After four generations and more than 100 years in the Dreisinger family, the Dreisinger Funeral Home has changed hands, but the name will stay the same.
Monty Steenson bought the business from John Dreisinger on Aug. 1, but it will remain the Dreisinger Funeral Home.
“It’s been Dreisinger Funeral Home for over 100 years and four generations of service, so there’s no real good reason to change the name,” Steenson said.
Dreisinger’s has a long history in Elmira, going back to 1905 when Christian Dreisinger bought it from a Mr. Ruppel. In those days, the business was located at 7 Arthur St. N., the longtime home of what became Dreisinger’s Furniture before the building was sold and torn down to make way for Shoppers Drug Mart now on the corner lot. The Royal Bank was located at the same address; when it moved across the street to its current location, Chris Dreisinger bought the building.
Chris’ son George took over the business, and later his son David and daughter Hazel were partners in the family enterprise. In 1978, John Dreisinger became the fourth generation of the family to own the funeral home.
John Dreisinger is retired now, although he is still licenced and helps out at the funeral home when needed. The business is still connected to the Dreisinger family through funeral director Grace Maher, who is Hazel’s daughter.
Although there is a new face at the helm, it’s not a completely unfamiliar one: Steenson has provided support to Dreisinger’s over the past three and a half years.
Steenson has roots in the area, as his grandmother Nellie was a primary teacher who spent most of her career in Elmira. Monty grew up on his grandmother’s farm in Mornington Township, west of Linwood.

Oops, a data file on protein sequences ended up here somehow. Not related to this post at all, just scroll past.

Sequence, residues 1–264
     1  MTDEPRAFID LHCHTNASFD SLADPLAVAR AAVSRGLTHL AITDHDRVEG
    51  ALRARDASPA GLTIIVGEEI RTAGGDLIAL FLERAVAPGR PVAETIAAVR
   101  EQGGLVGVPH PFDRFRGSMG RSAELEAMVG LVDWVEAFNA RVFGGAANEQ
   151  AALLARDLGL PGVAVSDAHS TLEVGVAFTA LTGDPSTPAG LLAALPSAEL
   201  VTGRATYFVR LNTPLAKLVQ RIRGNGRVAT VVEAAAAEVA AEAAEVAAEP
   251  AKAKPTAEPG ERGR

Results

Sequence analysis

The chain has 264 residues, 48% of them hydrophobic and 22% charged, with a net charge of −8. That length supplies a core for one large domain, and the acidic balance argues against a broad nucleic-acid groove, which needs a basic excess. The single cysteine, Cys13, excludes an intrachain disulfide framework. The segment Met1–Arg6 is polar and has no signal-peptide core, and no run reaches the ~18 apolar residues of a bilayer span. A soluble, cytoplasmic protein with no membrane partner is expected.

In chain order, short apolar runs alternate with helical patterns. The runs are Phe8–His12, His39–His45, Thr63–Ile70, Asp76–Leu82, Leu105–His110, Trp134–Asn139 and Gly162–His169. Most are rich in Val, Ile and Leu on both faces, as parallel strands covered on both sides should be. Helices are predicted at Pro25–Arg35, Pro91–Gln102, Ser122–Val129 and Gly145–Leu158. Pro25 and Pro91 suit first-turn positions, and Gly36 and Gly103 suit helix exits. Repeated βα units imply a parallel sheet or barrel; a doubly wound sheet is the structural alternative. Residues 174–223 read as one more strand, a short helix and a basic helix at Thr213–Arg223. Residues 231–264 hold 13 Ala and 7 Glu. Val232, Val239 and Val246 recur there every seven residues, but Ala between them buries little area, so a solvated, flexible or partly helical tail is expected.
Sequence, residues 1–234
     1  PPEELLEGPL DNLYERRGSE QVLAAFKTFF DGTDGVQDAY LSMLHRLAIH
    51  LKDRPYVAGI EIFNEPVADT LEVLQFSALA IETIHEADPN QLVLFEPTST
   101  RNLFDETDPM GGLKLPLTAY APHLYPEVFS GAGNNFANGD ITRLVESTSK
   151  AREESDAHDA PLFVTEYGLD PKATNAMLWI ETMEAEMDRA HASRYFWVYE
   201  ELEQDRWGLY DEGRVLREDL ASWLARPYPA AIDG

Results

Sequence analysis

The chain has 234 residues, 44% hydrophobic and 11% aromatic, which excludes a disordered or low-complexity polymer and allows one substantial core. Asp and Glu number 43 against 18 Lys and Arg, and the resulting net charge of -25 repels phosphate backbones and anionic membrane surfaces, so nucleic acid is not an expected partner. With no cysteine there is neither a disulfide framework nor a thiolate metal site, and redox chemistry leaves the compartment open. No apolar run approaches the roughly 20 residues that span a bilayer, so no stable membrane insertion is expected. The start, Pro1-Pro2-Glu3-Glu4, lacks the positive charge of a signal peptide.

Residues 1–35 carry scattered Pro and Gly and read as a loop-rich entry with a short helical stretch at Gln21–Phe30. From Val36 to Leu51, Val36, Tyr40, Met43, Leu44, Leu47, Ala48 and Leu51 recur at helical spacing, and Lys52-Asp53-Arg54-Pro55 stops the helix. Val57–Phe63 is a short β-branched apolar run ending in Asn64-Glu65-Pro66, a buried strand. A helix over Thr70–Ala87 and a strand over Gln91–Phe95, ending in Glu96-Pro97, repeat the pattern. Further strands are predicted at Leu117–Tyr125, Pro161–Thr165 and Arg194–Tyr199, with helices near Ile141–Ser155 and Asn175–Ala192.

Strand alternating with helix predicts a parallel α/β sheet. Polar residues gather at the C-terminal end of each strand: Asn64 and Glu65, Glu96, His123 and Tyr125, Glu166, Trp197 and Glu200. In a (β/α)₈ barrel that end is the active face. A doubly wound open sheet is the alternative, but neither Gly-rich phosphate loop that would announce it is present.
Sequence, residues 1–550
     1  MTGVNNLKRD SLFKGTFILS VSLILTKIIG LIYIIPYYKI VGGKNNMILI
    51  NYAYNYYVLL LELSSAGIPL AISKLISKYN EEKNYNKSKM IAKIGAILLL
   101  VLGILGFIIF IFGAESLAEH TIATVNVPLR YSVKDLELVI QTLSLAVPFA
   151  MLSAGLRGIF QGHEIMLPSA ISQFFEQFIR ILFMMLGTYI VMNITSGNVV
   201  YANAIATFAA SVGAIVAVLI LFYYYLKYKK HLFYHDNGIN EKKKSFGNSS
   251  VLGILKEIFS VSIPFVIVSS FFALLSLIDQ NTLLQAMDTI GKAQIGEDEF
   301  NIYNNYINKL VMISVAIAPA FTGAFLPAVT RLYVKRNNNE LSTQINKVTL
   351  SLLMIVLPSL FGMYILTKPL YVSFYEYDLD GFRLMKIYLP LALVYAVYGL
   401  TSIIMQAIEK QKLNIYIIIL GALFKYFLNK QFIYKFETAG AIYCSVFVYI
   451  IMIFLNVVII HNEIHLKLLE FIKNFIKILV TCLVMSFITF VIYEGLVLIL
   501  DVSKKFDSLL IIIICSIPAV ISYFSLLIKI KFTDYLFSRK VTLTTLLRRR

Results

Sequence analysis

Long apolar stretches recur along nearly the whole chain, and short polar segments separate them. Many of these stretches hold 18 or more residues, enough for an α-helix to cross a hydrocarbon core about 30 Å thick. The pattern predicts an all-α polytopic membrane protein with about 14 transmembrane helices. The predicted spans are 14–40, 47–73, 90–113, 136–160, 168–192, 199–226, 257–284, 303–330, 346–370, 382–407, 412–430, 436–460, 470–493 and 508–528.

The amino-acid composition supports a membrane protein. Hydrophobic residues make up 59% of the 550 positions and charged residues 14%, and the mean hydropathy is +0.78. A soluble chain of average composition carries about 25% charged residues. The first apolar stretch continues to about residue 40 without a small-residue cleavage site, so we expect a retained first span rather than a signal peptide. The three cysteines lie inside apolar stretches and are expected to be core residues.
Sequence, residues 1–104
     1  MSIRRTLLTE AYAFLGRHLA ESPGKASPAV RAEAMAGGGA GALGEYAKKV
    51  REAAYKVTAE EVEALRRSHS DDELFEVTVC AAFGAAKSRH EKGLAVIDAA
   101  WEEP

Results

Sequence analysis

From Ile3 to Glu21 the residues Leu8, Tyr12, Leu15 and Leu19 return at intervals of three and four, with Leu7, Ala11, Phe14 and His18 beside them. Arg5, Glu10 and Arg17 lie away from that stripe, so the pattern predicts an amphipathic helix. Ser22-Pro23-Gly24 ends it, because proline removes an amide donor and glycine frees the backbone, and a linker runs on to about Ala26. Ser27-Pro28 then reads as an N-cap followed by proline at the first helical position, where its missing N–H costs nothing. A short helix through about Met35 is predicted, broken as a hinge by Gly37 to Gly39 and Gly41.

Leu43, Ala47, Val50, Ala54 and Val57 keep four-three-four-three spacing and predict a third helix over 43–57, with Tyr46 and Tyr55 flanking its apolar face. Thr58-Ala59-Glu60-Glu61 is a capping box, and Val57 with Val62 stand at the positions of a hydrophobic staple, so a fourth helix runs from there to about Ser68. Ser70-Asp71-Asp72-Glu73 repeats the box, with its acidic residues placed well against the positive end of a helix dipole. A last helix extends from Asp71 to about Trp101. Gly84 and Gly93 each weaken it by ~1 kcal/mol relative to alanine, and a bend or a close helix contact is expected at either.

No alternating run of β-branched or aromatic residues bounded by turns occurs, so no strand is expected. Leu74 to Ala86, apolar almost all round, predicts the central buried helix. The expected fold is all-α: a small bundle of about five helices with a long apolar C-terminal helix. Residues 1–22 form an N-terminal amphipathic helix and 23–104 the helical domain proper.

Steenson has been a funeral director for 30 years. He had relatives who worked in funeral services, and when he was in high school, he looked into it as a career option.
After completing his apprenticeship with Ratz-Bechtel Funeral Home in Kitchener, Steenson worked for that company for eight years at their Hamilton and Niagara Falls locations. He then joined the staff of Coutts Funeral home in Cambridge, which he managed for 16 years.
“I’ve really never looked back,” he said. “I’ve had an excellent career and this is a wonderful opportunity in my career to look after Dreisinger’s.”
Monty will be joined by his wife Karen, who has 15 years experience as a church administrator. The Steensons have moved into the house attached to the funeral home, which has been empty for 16 years.
“I think we’re going to enjoy living here,” Karen said. “Everybody’s been really friendly here, everybody’s been very welcoming.”
Because Steenson has helped out at Dreisinger’s for several years, the transition to the new ownership has been a smooth one.
Aside from the ownership change, Steenson said there will be few other changes at Dreisinger’s. The rest of the staff will stay the same, and the funeral home will continue to provide the same services.
“I think that people are comforted by that, the continuity of the people they’re dealing with.”